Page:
Matthew 22:2-10 (see also Luke 14:23; Romans 11:15-22)
The kingdom of heaven may be compared to a king who gave a wedding feast for his son. And he sent out his slaves to call those who had been invited to the wedding feast, and they were unwilling to come. Again he sent out other slaves saying, “Tell those who have been invited, ‘Behold, I have prepared my dinner; my oxen and my fattened livestock are all butchered and everything is ready; come to the wedding feast.’” But they paid no attention and went their way, one to his own farm, another to his business, and the rest seized his slaves and mistreated them and killed them. But the king was enraged, and he sent his armies and destroyed those murderers and set their city on fire. Then he said to his slaves, “The wedding is ready, but those who were invited were not worthy. Go therefore to the main highways, and as many as you find there, invite to the wedding feast.” Those slaves went out into the streets and gathered together all they found, both evil and good; and the wedding hall was filled with dinner guests.
Steven Hitchcock explains: “Would a Calvinist portray the king in this way, which is to portray the Father inviting people to the wedding feast and being rejected? Where is the Effectual Call? The sovereignty of the king is being undermined for those whom he has invited have refused to come! A Calvinist would say that this is an impossibility, that Jesus should portray the Father in this manner. But Jesus does portray the Father as One who genuinely calls sinners that nevertheless reject Him. The heart of the parable is the strangest thing to a Calvinist.” (Recanting Calvinism, p.270, emphasis mine)
One member of The Society of Evangelical Arminians explains: “The invitation is for all to be present (this is clearly a statement that the person putting on the feast desires for all people to be there; the “feast” is a biblical symbol of the eternal state, the great and eternal celebration of God and His people). The parable does not discuss the sufficiency/efficiency distinction made by Calvinists, but does in fact discuss the desire for all to be present, versus the Calvinist position that the desire is only for the preselected elect to come, which is not only absent from the text but is also contradicted by the language of the parable.” (SEA)
John Calvin comments: “But if he did not spare the natural branches, the same vengeance awaits us today if we do not respond to His call. But the supper prepared for us will not be lost; God will summon other guests.” (Calvin’s New Testament Commentaries, Matthew, Mark and Luke, Vol.II, James and Jude, pp.108-109, emphasis mine)
“His call” for what? An atonement that was never provided? How can you say, “come to Christ,” if there is no Christ to come to, since He never died for them? That’s why the atonement has to be a provision for all. In contrast, an offering compatible with Calvinism would instead have to be generic, such as: If you are one of the elect, you have a Supper available to you. You wouldn’t be able to say that Jesus died for their sins. You would instead have to say that Jesus died for sin, not necessarily yours, unless you are one of the elect.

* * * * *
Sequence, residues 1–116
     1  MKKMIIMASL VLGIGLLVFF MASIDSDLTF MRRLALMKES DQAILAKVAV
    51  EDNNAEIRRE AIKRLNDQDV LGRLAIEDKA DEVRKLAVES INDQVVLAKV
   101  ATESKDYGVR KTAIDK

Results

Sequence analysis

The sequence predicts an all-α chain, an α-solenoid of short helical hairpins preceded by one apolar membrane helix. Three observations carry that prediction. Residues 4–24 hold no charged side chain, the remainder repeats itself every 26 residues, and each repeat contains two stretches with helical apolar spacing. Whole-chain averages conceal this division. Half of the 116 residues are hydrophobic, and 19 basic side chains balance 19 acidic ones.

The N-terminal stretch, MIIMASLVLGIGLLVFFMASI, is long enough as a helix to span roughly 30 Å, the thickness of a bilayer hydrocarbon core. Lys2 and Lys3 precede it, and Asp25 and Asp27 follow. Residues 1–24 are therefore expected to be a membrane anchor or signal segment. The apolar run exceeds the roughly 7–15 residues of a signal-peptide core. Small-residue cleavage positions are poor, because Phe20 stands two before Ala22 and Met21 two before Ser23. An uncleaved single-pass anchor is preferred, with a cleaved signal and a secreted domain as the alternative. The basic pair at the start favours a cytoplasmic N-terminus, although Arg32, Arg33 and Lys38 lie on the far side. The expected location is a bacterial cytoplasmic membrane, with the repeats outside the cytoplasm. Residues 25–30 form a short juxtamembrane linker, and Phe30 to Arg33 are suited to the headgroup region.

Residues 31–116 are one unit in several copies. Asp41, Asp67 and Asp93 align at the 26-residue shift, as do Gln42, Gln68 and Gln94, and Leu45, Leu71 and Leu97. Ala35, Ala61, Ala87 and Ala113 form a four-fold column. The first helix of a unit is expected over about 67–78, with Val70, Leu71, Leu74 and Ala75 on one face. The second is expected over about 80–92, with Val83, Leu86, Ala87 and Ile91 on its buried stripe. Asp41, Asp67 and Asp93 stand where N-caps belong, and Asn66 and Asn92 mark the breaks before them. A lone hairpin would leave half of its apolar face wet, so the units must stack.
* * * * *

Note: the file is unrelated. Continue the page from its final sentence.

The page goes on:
John Goodwin comments: “In these passages, this great supposed enemy to the universality of redemption by Christ, clearly supposeth, or affirmeth rather, the same to be a truth. He expressly affirmeth that God provided a table of entertainment for those who rejected it and never came unto it, and supposeth that the ‘supper provided’ by God ‘for us,’ may, through our neglect of our invitation hereunto, be withheld from us, and that others may be admitted unto it in our stead. If the death of Christ, and salvation by him, were provided and prepared by God as well for those who reject them as for those who embrace them, doubtless they were intended for all men without exception.” (Redemption Redeemed, p.131, emphasis mine)
Indeed, the scope of the feast is greater than the scope of those who respond.
Goodwin adds: “...the marriage feast in the parable was provided by the king, and the oxen and fatlings, here spoken of, killed not only for those who upon their invitation were persuaded to come and partake of them, but as well, and with equal, if not with more especial intentions on the king’s part, for those also who never came to taste of them. Consequently, the death of Christ, signified by the oxen and fatlings slain, and the blessedness accruing unto the children of men hereby, signified by the feast itself, were equally meant and intended by God for those who perish and for those who are saved, and consequently for all men, without exception of any.” (Redemption Redeemed, p.130, emphasis mine)
One Calvinist describes his view of Arminianism: “It’s like Christ crossing His fingers on the cross and saying ‘Gee I really hope they choose me! I really hope this works!’”
I see the Calvinist remark as poking fun of the God described by Jesus in the “Parable of the Wedding Feast.” After all, if God does carry about His dominion in such a manner as the Wedding Feast invitation, and if God sees value in providentially governing in such a manner as condescending to man with an offer of the Gospel, then I can’t see how making fun of it would be a good idea.